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AMA contributes to new guidelines

Two members of the AMA policy team have been thanked for their contributions to the first edition of the Guidelines for on-screen presentation of discharge summaries, developed by the Australian Commission on Safety and Quality Health Care.

07 Apr 2017

Two members of the AMA policy team have been thanked for their contributions to the first edition of the Guidelines for on-screen presentation of discharge summaries, developed by the Australian Commission on Safety and Quality Health Care.

Chair of the AMA Council of General Practice, Dr Richard Kidd, and Chair of the AMA Ethics and Medico Legal Committee Dr Chris Moy both took part in developing the guidelines.

Chief Executive Officer of the Commission, Adjunct Professor Debora Picone, expressed her gratitude to the doctors in a recent letter to AMA President Dr Michael Gannon.

“Development of the guidelines was supported by a clinical expert group that included and informed through an extensive national consultation,” Professor Picone wrote.

“I would like to take this opportunity to thank Dr Richard Kidd and Dr Chris Moy from the Australian Medical Association who contributed to this important work.”

The Guidelines for on-screen presentation of discharge summaries are available on the Commission’s website at: https://www.safetyandquality.gov.au/publications/national-guidelines-for...

According to the site, the guidelines specify the sequence, layout and format of the core elements of hospital discharge summaries, as displayed in clinical information systems.

They were developed through extensive research, consultation and iterative testing with more than 70 clinicians.

The guidelines are intended to be adopted by vendors of medical software, and health services that procure and implement systems which generate and present discharge summaries.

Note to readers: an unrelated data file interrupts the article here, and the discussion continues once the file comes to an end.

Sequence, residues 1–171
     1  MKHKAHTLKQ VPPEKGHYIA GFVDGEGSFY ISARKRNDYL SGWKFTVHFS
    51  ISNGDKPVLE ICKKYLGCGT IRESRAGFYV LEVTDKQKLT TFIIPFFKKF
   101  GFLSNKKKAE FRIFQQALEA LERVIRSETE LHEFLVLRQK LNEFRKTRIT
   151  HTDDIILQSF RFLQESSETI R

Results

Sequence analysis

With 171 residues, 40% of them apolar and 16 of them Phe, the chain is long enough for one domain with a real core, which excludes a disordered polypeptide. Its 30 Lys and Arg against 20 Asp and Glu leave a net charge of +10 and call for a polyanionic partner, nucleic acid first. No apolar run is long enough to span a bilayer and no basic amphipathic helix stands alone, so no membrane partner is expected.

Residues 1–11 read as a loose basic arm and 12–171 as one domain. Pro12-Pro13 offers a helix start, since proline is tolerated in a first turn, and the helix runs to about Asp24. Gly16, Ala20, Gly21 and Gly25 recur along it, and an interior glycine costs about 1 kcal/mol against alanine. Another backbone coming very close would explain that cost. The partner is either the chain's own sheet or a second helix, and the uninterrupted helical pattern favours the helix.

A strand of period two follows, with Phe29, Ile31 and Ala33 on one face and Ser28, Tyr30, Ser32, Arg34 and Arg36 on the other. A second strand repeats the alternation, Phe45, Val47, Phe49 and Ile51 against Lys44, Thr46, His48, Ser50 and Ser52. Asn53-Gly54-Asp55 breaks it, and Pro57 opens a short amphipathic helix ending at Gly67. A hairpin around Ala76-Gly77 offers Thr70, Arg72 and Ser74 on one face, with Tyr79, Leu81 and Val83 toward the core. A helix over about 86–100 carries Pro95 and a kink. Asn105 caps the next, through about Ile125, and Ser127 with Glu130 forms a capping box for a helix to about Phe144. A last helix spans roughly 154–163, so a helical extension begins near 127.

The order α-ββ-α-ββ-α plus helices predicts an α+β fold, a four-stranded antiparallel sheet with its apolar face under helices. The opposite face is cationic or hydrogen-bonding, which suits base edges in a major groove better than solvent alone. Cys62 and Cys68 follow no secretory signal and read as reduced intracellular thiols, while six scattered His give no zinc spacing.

“The clinical handover of a patient on discharge from hospital generally occurs using an electronic discharge summary (eDS),” the guidelines say.

“A discharge summary is a collection of information about events during care of a patient by a provider or organisation, in a document produced during a patient’s stay in hospital, as either an admitted or non-admitted patient, and issued when or after the patient leaves the care of the hospital.

“Clinical handover is a known area of potential risk for patient harm, particularly in the transition from acute care to the community setting. Discharge summaries are critical for providing well-coordinated and effective clinical handover because they are the primary communication mechanism between hospitals and primary health care providers.”

In July 2012, the Commission was appointed to develop and manage a clinical safety program for the My Health Record system, which is a secure online summary of health information, personally controlled by individuals.

Patients’ discharge summaries can be added to their My Health Record. As part of the Commission’s clinical safety program, eight clinical safety reviews of the My Health Record system were completed.

The fourth clinical safety review, conducted in 2014, included an end-to-end investigation of the accuracy and data quality of eDS.

The guidelines were endorsed by the National Health Chief Information Officer Forum in August 2016 and presented at the Commission’s Inter-Jurisdictional Committee in October the same year, and are now freely available on the Commission’s website.

Other safety in e-health findings can also be found on the Commission’s website at: https://www.safetyandquality.gov.au/our-work/safety-in-e-health/

Chris Johnson

 


Published: 07 Apr 2017